Sofia saw a nearby server dodge the flying metal cap Vera flicked off a new emerald bottle. “How much gold is a fatherly pat on the back worth?” She refilled her glass to the brim. “More than the race’s entry fee?”

“If we’re talking in gold I’d say a many-eyed feather’s weight, at the very least.”

She continued rearranging the pins and flowers in her hair to pull it up off her back, refusing to meet Vera’s gaze as she took one long sip from her drink.

The glass was emptied and Vera broke the silence with a click of her tongue. “One cherry blossom on your lapel and you think you’re something special.”

Sixteen, Vera!” Scylla snapped a string of pearls from around her neck, followed by matching earrings, and tossed them onto the table. “I’ve won sixteen tournaments since last Aur Pióra!”

“Spent twice that in thousands since last month.”

“I’ll win all your fucking gold back, okay?” Scylla grabbed Vera’s purse from the table and rifled through it for something to tip the tattoo artist with. “I’m going to smoke everyone in this room and in three days you’ll have enough money to restock father’s cellar a hundred times over, so can you please shut up for once in your life?”

“Seems someone’s got a healthy amount of ambition,” came a low voice from beside Vera.

Her nose flared and eyes rolled back in a silent groan. She mouthed a series of expletives before turning to face the man at her side.

“Miss Beauregard,” said Tiberius.

“Youngblood,” said Vera. She discreetly placed her glass back on the table, pushing it to the side opposite from her, and raised the back of her ringed hand towards him.

Rather than bowing to kiss her hand Tiberius placed a firm hold on her forearm, pulling her into a typical weapons-check airiner’s handshake. Vera responded with a sneer and an iron grip that audibly cracked something in his wrist.

They traded tight-lipped smiles for long enough to make Sofia cringe from where she was standing. She let out a sigh of relief when Tiberius cleared his throat and broke the unbearably awkward handshake standoff.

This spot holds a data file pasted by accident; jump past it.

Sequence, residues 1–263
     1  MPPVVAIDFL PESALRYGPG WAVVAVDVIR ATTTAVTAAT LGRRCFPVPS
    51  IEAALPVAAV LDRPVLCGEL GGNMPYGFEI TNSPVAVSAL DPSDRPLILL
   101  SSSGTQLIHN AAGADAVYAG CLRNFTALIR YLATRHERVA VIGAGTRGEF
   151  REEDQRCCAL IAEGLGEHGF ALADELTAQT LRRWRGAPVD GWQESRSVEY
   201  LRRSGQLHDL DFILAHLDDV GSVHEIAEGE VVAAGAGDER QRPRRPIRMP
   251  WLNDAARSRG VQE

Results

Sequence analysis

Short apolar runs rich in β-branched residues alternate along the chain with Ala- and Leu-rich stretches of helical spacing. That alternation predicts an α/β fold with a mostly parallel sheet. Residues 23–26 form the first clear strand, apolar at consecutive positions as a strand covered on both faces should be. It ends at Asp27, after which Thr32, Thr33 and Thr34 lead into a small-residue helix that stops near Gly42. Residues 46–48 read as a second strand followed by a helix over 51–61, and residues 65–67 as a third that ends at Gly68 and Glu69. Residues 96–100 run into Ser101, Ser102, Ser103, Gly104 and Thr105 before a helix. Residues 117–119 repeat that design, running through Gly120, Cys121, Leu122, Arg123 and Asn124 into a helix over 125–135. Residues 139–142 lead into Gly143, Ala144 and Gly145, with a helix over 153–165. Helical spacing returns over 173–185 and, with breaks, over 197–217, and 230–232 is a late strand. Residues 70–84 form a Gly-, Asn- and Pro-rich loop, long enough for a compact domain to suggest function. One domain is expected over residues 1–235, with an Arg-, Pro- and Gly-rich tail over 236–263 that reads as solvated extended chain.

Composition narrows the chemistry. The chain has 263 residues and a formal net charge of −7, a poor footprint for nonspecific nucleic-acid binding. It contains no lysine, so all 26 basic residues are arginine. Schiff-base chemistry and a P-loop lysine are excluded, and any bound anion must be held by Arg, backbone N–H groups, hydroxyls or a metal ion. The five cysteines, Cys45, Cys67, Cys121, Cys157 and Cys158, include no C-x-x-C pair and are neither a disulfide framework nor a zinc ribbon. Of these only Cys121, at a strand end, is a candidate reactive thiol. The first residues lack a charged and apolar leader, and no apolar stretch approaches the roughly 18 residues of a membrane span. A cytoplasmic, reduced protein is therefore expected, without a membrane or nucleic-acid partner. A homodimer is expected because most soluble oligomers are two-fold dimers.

“Well then!” He clapped a hand on Scylla’s shoulder, which came up a foot below his own. “Ready for the race? If I heard correctly just now you’ve set your sights quite high.”

Scylla barked a laugh and brushed his hand off her shoulder as she would a mosquito. “Don’t patronize me, Aristocracy’s getting smoked too,” she said with just enough of a smile to maintain some air of humor. “Great name for a bird, by the way. Very subtle.”

“I appreciate the input, Princess.”

Scylla’s eye twitched the same way it always did when she was suppressing the urge to remind somebody she was eight years old when she named that bird.

“Speaking of, ahem, interesting names,” he continued, “is Miss Drosophila here? I thought they usually allowed absences for students involved with the festival.”

Vera coughed into her fist. “She’s sick.”

“Very sick.”

“Had to stay home. You know how she is.”

Tiberius cocked an eyebrow. “I don’t believe I do, actually.”

“Weak constitution. Weak generally, but mostly in that regard. Which of you is competing this year, anyway?” Scylla stood on her toes and peeked over his shoulder into the crowd behind him. “I haven’t run into any of your siblings yet and I need to tell them not to get their hopes up.”

He chuckled at her like she was a papillon yapping at him from its silk cushion. “That would be me,” he said, placing a hand on his chest.

Scylla scoffed. “Since when are you a rider? I’ve never seen you show up to one of these, let alone compete.”

“Good question!” Vera said in a singsong voice dripping with syrup and venom in equal amounts. Both she and Scylla seemed eager to ease the tension between them by turning their antagonisms on a new target. “What on god’s flayed corpse are you doing here, Tiberius?”

He shrugged. “Making an appearance.”

“You’re telling me they couldn’t send a different Youngblood?”

“No, unfortunately the rest are all occupied or otherwise out of commission.” He sighed as if he were speaking to friendly acquaintances commiserating over a mild inconvenience rather than a pair of vicious gossips from a rival family who were very blatantly trying to get a rise out of him.

“And shouldn’t you be occupied ‘keeping the skies safe’ or whatever it is you do?”

“My thoughts exactly, Vera. Trust me, I’m not happy about it either.”

“So I’ll ask again,” Vera hissed, thumb and forefinger pressed to her forehead above impeccably painted eyelids. “Why do you have to be here?”

“Same as you all. Decorum. Optics.”

“Speak for yourself, I’m here to win.” Scylla bared brilliant white teeth and got as close to in-Tiberius’-face as she could given their respective heights. “So I suggest you keep out of my way if you don’t want to be put out of commission as well.”